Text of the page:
According to the CDC, there was a 40% spike in West Nile cases this week over last week. That's a big jump. CDC officials say this year could be as bad or worse than 2002 and 2003, the worst years for West Nile virus cases yet.
To add insult to infection, officials say 56% of the cases reported so far are causing neurological effects (meningitis or encephalitis, typically). Usually, only about 1 in 150 cases affects the nervous system. Either this year's very high number means the virus is much more dangerous or there have been a whole lot of infections that weren't reported.
Looking at the map provided by the CDC, nearly the entire country is affected by this virus. Light green states have had evidence of West Nile in some way (birds, mosquitos or people). Dark green dots and triangles are definitely human.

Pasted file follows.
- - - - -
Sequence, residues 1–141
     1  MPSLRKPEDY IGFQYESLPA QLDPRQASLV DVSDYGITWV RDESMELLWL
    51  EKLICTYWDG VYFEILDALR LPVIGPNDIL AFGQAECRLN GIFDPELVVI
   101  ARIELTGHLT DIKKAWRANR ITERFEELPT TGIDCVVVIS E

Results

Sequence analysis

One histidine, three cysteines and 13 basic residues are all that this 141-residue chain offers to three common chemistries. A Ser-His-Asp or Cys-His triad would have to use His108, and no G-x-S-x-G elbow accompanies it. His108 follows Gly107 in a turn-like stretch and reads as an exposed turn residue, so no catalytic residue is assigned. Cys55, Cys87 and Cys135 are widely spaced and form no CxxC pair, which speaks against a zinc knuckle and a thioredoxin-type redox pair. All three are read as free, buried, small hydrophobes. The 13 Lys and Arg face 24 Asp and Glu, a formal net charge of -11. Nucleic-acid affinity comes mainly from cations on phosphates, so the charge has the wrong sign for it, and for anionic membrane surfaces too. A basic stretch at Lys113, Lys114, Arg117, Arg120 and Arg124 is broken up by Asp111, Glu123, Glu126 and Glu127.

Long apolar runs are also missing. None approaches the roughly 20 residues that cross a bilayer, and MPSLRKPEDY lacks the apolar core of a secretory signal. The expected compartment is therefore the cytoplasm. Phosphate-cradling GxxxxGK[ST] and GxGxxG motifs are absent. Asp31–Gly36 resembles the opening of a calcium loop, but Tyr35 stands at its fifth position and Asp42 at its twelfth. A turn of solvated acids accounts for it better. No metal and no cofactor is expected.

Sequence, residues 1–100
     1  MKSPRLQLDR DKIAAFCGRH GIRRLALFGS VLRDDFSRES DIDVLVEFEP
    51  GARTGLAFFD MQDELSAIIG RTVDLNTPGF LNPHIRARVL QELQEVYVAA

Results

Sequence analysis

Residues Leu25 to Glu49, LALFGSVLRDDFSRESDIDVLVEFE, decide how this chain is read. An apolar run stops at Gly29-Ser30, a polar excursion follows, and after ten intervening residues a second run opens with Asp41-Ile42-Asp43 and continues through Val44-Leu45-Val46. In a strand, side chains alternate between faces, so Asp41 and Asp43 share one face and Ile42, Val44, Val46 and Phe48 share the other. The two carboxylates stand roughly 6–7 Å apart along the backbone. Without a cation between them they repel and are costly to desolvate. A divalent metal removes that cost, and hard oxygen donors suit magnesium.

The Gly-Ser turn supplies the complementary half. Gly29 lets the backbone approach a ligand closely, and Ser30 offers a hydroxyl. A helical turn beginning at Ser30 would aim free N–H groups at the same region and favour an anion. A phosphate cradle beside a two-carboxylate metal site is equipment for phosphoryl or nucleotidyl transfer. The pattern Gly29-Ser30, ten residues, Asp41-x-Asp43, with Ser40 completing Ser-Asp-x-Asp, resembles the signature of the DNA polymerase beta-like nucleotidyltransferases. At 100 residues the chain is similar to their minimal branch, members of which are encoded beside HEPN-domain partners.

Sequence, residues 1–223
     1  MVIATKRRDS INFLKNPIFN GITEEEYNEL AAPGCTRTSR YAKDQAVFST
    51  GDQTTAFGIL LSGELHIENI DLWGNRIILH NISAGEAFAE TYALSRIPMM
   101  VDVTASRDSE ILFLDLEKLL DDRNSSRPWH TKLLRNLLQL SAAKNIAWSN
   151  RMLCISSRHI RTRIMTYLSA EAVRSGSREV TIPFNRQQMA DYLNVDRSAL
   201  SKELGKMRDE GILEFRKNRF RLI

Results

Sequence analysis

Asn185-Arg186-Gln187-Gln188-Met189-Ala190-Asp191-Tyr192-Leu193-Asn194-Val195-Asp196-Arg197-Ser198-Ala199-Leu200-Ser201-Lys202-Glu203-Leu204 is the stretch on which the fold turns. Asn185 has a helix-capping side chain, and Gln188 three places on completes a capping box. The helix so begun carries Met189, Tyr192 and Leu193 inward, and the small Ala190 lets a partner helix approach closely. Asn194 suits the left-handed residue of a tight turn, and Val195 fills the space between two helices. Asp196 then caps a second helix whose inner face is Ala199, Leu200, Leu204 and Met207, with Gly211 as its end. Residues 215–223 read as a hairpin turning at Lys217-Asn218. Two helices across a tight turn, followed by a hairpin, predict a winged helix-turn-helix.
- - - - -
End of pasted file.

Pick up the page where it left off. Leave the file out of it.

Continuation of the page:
Texas has it the worst, with nearly half of all the cases being in the Lone Star State. Besides Texas, Oklahoma, Louisiana, Mississippi and South Dakota have had the most cases.
Currently there's only one way to really combat West Nile: Don't get bit.
Wear DEET. Get rid of standing water in the yard. Use screens on your windows. If you do get a bite and develop flu-like symptoms, see a doctor. At the very least you should get a blood test to determine if you have the virus. You'll be helping the CDC fight this tough opponent.
Image courtesy of CDC.
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